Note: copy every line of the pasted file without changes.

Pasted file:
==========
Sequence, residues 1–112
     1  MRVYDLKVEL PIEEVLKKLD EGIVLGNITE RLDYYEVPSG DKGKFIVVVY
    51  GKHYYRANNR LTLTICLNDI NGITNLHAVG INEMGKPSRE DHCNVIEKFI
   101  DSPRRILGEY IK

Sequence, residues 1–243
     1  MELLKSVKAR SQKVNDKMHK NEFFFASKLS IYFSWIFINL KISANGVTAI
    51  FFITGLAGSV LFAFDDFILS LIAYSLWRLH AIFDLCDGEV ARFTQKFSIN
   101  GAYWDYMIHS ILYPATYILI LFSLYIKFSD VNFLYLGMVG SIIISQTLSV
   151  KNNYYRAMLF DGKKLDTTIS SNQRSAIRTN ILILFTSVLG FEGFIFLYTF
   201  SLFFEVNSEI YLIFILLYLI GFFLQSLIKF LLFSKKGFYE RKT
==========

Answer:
Sequence, residues 1–112
     1  MRVYDLKVEL PIEEVLKKLD EGIVLGNITE RLDYYEVPSG DKGKFIVVVY
    51  GKHYYRANNR LTLTICLNDI NGITNLHAVG INEMGKPSRE DHCNVIEKFI
   101  DSPRRILGEY IK

Sequence, residues 1–243
     1  MELLKSVKAR SQKVNDKMHK NEFFFASKLS IYFSWIFINL KISANGVTAI
    51  FFITGLAGSV LFAFDDFILS LIAYSLWRLH AIFDLCDGEV ARFTQKFSIN
   101  GAYWDYMIHS ILYPATYILI LFSLYIKFSD VNFLYLGMVG SIIISQTLSV
   151  KNNYYRAMLF DGKKLDTTIS SNQRSAIRTN ILILFTSVLG FEGFIFLYTF
   201  SLFFEVNSEI YLIFILLYLI GFFLQSLIKF LLFSKKGFYE RKT